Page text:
According to legend, the area of land known as Bharatavarsha in India is the holiest location on the face of the planet. There are other holy sites in the world/universe, without a doubt, but Bharatavarsha is the most sacred of them all.
It has also been said that the stretch of land between the rivers Ganga and Yamuna inside Bharatavarsha is even more holy than the rest of the region.
According to the scriptures, this area of land has been considered holy from the beginning of time for the following reasons
- this is the location where great saintly persons (rishis, munis, tapasvis, yogis, and so on) have practiced their sadhana (spiritual practices).
- This country has holy rivers such as the Ganga, the Yamuna, the Godavari, the Sarasvati, the Narmada, the Sindhu, and the Kaveri, among others.
- There are several religious spots in this area, such as Rameshwaram, Kanchipuram, Dwaraka, Mathura, Jagannatha Puri, Badrinath Temple, Vrindavan, Ayodhya, Guru Vayur, Tirupati, and Madurai, among others.
- There are holy mountains in this area, such as the Himalayas, Kailash, Goverdhan, Brhamagiri, Sabrimala, and others.
- This country is home to hallowed lakes, sacred spots of pastimes of the Supreme Lord and His followers, and so on and so forth
All of the above has transformed Bharatavarsha into a hallowed place where dharma (religion) takes precedence. According to the Bhagavad Gita (1.1), “dharma-khetre kuru-ksetre – at the site of pilgrimage at Kurukshetra” is a reference to this reality as well.
On the natural course of events, the Supreme Lord and His representatives manifest themselves on the holy ground known as Bharatavarsha, in the Indian subcontinent.
The semantics of a territory’s name is secondary; its geographical identification is the most important consideration. As a result, the geographical location of the area to which the name Bharata was given is of major importance.
Obviously, we are now talking about the “Ancient Bharatavarsha” (ancient Bharatavarsha) (not about Modern India). The present aim is to determine the position and contour of Ancient Bharatavarsha, which is a difficult process.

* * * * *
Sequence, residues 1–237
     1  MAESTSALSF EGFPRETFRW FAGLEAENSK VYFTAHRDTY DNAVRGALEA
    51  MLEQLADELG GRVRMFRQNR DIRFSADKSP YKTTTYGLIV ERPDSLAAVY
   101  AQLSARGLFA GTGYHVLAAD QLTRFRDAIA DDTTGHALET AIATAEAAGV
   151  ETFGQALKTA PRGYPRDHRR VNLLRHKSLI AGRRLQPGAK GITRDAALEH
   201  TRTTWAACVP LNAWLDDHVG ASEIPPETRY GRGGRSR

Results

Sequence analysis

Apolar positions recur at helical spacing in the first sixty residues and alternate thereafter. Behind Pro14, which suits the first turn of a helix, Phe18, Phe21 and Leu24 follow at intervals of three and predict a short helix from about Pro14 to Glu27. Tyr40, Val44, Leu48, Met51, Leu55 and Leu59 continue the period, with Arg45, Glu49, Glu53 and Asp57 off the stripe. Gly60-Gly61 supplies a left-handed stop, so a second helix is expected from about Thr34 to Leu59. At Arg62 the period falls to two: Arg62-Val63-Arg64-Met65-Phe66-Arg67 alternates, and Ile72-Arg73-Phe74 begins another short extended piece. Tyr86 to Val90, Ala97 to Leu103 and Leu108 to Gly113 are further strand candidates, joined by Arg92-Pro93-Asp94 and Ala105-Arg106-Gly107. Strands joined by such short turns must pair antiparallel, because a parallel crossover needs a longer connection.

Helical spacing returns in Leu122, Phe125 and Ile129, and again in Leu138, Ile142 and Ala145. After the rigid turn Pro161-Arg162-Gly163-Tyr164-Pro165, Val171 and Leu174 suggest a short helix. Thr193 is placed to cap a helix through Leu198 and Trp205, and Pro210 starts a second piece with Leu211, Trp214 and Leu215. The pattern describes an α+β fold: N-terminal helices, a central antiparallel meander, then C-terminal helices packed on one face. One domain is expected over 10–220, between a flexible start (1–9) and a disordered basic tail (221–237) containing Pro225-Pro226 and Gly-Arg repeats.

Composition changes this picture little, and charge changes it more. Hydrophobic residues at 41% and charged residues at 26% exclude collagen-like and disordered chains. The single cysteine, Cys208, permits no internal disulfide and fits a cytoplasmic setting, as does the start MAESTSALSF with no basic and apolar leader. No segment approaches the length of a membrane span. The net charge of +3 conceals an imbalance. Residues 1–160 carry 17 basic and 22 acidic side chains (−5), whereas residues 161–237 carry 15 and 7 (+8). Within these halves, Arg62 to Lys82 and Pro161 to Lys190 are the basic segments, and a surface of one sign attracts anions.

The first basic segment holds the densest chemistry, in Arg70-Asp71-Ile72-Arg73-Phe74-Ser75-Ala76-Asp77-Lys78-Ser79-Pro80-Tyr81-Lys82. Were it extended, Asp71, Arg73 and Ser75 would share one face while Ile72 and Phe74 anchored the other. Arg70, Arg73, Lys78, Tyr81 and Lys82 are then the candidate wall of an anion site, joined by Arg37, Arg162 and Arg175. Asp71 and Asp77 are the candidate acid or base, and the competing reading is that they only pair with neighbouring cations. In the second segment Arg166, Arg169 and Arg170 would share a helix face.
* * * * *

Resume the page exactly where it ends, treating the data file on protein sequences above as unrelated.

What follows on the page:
What strategy would we use to deal with such a situation? Where can we find the records that we need to consult in this situation? What is the reliability of these records?
“Ancient literature” is an excellent tool for this goal. We have a huge collection of ancient books that have survived from the Jain, Buddhist, and Hindu religions. These are supplemented to some degree by the ancient Greco-Roman writings, which are also included.
Ancient Indian scriptures are replete with references to historical geography. An additional benefit of referring to these writings is that the geographical and topographical data contained within them is self-correcting. How?
In the tales they tell, these ancient books refer to “clusters of contiguous regions” that have “unique topological configuration” and “unique topological configuration.” After placing the various sets of geographical evidence relevant to the elements of the contiguous and configured cluster side by side.
Reciprocal corroborations begin to support the reality of that territorial cluster’s assertions. The combination of many simultaneous territorial bearings provides us with a fix over a specific geographical area.
The geographical position and contour of Bharatavarsha are the subject of our contemporary dispute.
Let us begin collecting information about Bharatavarsha from ancient books one by one and interpreting what we have learned about him so far. Finally, we would bring together all of the conclusions made from the interpretations to form a concluding conclusion.
When we read ancient manuscripts, we must be mindful of the nature of the information we are attempting to extract. Exaggerations, analogies, and hyperbole abound in these passages of literature.
The plot threads are ambiguous, contradictory, and deceptive. As a result, we must have sophisticated analytical tools that can break down information into its constituent parts and select out the genuine information. What is it about a location that makes it sacred?
Sacred places include places where the Dharma is maintained, places were great devotees of the Lord dwell or have resided, and places where the Supreme Lord appears or has shown Himself in form of pastimes.
During a conversation with Mahatma Vidura in the Bhagavat Purana (184.108.40.206), Yudhishthira Maharaja says, “My Lord, devotees like your excellent self are really holy places embodied.” Due to the fact that you carry the Personality of Godhead inside your heart, you transform every location into a pilgrimage site.”
When Narada muni approaches Lord Vishnu, he is informed that he is neither present in Vaikuntha nor is he present in the minds of the yogis. This is recorded in the Padma Purana. “I continue to reside in the places where My devotees exalt My name, shape, characteristics, and transcendental pastimes.”
At the end of the day, wherever the Lord dwells, that location is the most holy.
Meet Krishnaprasath Krishnamoorthy, a Yoga, Vedanta, and Hindu spiritual aspirant with a passion for sharing the ancient wisdom and practices of Sanatana Dharma with others. With 20 years of experience on the spiritual path, Krishnaprasath Krishnamoorthy has a deep understanding of the physical, mental, and spiritual benefits of Yoga, Vedanta, and Astrology.